"The PlayMobil Goethe I bought reminds me of the first Goethe poems I was able to understand"Anna Whitehead

As I sit in the MML Library wondering how much Goethe it is possible to read without sacrificing my soul in some sort of Faustian bargain, I think back to the sweet beginnings of my degree. What happened to the passion and enthusiasm for European language and literature that brought me here in the first place? Did it not make it beyond the word limit of my personal statement, or did it get left behind in a Zoom breakout room during one of the many months of online classes? Perhaps it’s in my flatmate’s wardrobe in Vienna, with my other belongings that didn’t quite fit into the suitcase back from my Year Abroad. Or perhaps it’s enjoying some pierogi in the early hours of the Polish wedding where I decided to pick up a Slavic language from scratch in my final year. Or perhaps it’s floating through the canals of Amsterdam, waiting for me to visit my Dutch friend and try out some cheese-related idioms. Wherever it is, it better get its skates on and make it to the Raised Faculty Building sharpish.

As we head into the final stages of the MML marathon, well-meaning supervisors and Directors of Studies remind us how far we’ve come in our studies. We are able to have German conversations which aren’t littered with A-Level set phrases, enjoy novels in their original language, watch films without subtitles. Bizarre-sounding acronyms like “TeKaMoLo” or “WAVEM” and the German grammar concepts they explain are by now ingrained in us, and the simple gap-fill questions of first-year language exams are replaced by an open commentary task.

“We are able to have German conversations which aren’t littered with A-Level set phrases”

I, for one, feel less like a MML finalist and more like a Great British Bake Off one, whose nervous laughter covers up their panic as they see the technical challenge recipe without instructions. And Jürgen isn’t even there to help. As he said in German Week to everyone’s horror, “Hals und Beinbruch” — “break a leg and break a neck”.

This well-meaning encouragement has however led me to think back to the key moments which led to my decision to study languages. Reminding myself of these has provided some motivation for my revision. I can’t help but smile as I think of various unexpected German and Austrian adventures involving salt mines and Sommerrodelbahns — both simultaneously terrifying and exhilarating, much like learning German. The PlayMobil Goethe I bought as a souvenir from his 268th party in Weimar on a trip with the UK-German Connection looks down from my bookshelf as I type, reminding me of the first Goethe poems I was able to understand, and the terrible pun I told in my Cambridge interview about the Fa(u)st food at said birthday party. And when I look back on my time abroad, and the innumerable evenings spent on the basement sofa watching Germany’s Next Top Model or talking late into the night with my flatmates, nicknamed “the Währingirls”, I am proud of my younger self for persevering through the stress and tears caused by the Konjunktiv II.

For the flexibility and ‘academic rigour’ of the MML Tripos has indeed been greatly rewarding. The range of papers has allowed me to discover in great depth periods of literature or history which fascinate me, and to gain the resilience to stick through those which don’t. The option to pick up new languages in ‘introductory papers’ has led me to dabble in Dutch and pretend I understand Polish. I’ve also enjoyed the cultural elements of these papers, even if only because they give me an excuse to read up on South-East Asian colonial history and St Pope John Paul II, two personal interests of mine. Furthermore, I wouldn’t be a bona fide MML student if I didn’t mention how great my Year Abroad was, and how this hiatus was both educationally and personally formative. Did I already mention I went to Vienna?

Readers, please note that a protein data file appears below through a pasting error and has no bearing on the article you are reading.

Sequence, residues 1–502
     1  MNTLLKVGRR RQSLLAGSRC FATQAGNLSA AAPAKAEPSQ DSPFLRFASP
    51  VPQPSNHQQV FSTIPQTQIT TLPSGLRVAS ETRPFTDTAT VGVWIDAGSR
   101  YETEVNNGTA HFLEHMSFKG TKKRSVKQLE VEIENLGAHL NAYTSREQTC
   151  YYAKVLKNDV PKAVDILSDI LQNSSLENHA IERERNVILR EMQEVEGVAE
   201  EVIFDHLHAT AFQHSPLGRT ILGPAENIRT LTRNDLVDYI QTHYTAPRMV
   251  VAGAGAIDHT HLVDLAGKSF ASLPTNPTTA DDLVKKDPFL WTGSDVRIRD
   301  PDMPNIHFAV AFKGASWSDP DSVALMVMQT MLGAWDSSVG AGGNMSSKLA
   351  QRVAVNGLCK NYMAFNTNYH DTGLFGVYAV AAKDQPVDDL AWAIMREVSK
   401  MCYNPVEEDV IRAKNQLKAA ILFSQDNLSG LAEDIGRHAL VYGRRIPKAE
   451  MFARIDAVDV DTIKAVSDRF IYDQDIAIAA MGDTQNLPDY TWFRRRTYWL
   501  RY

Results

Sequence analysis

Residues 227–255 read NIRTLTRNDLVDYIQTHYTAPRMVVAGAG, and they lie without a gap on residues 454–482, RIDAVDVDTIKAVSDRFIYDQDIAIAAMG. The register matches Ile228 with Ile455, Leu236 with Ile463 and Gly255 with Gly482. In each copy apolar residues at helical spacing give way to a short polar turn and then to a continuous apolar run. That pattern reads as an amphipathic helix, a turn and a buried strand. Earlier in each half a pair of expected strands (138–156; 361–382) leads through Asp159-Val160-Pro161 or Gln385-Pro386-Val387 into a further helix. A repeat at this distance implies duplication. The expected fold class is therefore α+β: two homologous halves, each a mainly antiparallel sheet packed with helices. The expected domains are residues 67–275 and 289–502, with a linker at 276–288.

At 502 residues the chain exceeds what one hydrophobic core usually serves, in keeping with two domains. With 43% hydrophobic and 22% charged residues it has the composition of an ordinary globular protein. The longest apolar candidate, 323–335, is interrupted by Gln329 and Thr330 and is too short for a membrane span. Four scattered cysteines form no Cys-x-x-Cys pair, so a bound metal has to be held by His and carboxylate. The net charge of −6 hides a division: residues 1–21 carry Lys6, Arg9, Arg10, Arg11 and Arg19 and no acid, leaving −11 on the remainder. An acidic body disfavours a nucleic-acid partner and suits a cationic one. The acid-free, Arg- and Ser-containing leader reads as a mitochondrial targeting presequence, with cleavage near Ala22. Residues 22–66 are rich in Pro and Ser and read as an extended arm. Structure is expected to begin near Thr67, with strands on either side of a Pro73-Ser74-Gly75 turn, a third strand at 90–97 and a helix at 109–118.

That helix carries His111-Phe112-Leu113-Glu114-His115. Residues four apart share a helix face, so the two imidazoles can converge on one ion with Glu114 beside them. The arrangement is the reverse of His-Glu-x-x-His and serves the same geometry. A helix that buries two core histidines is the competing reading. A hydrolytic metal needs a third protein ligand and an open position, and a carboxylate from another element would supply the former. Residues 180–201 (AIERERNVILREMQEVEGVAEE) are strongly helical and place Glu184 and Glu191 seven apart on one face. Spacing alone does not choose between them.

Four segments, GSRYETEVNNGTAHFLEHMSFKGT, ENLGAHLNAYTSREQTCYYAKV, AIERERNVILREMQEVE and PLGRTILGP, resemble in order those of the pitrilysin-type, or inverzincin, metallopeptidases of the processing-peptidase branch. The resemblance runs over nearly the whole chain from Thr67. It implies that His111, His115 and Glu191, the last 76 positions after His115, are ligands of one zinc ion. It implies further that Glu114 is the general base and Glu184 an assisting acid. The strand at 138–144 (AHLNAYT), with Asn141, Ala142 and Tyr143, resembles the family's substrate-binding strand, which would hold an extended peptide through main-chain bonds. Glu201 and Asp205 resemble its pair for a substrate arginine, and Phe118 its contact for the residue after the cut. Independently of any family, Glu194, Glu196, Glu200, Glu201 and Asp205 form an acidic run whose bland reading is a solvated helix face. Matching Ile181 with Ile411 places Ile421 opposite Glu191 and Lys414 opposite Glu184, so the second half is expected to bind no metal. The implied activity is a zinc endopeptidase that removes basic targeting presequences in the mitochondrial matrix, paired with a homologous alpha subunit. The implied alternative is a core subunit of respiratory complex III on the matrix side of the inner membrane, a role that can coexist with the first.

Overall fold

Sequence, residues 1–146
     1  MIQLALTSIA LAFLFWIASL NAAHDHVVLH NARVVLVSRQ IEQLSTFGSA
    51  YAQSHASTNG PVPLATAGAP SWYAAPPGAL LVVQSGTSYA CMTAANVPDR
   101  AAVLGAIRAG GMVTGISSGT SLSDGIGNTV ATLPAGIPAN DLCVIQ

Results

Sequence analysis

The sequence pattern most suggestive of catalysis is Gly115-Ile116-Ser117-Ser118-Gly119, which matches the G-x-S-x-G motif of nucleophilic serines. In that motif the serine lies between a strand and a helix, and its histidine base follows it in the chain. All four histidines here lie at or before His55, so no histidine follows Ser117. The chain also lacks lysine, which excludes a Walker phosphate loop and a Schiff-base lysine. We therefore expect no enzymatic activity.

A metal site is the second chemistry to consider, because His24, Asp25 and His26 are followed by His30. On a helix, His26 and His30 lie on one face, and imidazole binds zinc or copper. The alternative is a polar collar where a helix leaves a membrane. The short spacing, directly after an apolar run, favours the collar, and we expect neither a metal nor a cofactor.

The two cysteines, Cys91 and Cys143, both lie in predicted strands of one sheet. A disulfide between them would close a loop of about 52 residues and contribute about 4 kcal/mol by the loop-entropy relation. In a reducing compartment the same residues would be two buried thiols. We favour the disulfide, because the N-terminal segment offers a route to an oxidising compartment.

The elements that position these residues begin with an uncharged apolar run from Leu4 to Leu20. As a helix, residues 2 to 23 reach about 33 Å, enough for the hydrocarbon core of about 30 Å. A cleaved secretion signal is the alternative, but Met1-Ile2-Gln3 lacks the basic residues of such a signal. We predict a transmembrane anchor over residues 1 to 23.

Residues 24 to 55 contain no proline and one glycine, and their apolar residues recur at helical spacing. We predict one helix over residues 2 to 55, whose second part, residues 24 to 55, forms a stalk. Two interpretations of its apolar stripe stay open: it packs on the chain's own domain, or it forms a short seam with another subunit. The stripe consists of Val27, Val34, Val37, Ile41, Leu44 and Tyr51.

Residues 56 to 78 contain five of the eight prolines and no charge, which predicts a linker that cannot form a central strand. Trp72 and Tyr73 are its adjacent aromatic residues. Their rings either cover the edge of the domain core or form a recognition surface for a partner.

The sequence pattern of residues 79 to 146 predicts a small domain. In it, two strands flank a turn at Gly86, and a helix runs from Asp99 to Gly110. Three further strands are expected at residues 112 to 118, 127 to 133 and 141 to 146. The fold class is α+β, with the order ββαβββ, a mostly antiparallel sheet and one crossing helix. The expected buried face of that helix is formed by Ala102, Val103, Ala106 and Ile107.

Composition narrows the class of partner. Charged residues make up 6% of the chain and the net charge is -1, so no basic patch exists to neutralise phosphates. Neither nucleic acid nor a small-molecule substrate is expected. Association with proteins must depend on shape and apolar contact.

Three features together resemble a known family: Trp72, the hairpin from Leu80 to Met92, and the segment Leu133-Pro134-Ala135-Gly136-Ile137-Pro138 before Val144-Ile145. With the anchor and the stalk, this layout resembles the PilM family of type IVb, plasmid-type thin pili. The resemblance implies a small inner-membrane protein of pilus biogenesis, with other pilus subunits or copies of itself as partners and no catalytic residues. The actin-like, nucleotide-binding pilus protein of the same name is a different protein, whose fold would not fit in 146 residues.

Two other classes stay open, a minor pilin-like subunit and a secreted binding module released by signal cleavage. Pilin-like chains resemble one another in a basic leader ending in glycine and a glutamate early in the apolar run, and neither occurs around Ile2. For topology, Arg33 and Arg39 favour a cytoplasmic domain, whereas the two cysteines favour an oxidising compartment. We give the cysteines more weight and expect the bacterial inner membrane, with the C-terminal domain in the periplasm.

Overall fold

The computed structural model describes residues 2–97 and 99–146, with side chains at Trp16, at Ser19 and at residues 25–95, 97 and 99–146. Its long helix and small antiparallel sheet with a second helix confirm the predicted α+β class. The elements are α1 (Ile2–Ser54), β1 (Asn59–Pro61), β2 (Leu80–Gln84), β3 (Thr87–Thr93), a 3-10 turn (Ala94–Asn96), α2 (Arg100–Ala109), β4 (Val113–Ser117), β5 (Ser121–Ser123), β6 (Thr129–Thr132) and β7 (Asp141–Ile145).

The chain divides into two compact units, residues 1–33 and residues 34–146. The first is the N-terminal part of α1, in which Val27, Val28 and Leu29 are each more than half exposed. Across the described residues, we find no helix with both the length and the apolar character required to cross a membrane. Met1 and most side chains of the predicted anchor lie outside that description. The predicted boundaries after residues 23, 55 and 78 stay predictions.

“I wouldn’t be a bona fide MML student if I didn’t mention how great my Year Abroad was”

Climbing the stairs in the Lecture Block the other day with some fellow finalists, we realised we’d come a long way since our first lectures together, awkwardly introducing ourselves and drawing various beetles as we were asked to imagine Kafka’s Die Verwandlung. Looking up to all the stairs to Lecture Block 11 and the awaiting challenges of the C2 paper, we realised there was also still a long way to go. The camaraderie and friendship with the other MMLers has been a real highlight, and particularly with those in college (believe it or not, Christ’s students don’t just study!). It’s been a joy to have had supervision partners capable of expertly steering the conversation to more convivial discussions, fellow eternally optimistic Year Abroad students to climb every mountain and sing in the rain with, and friends wrapped in the blankets of the MML library typing away so furiously that I have felt pressured enough to actually get my work done. It is these friendships I’ll be celebrating come June, more than happily replacing the baffling tranches of the MML examinations with “une tranche de gâteau”.


Mountain View

The year abroad: a lesson in resilience

The MML Tripos has been quite the rollercoaster, with moving abroad during the pandemic and the implications of Brexit being extra surprise loops on the ride. Looking back on the memories and people we’ve encountered along the way helps to lift the spirits as we head into the final stretch, and reminds us why we chose this ride in the first place. But I think I speak for many of us when I say that I feel ready for this rollercoaster to pull to its end, to disembark, and to go and chuckle at the photos of us screaming along the way, which will be stuck on our walls and Instagram feed for years to come. And who knows, maybe after an ice-cream or two, we’ll be queuing up for the next adventure.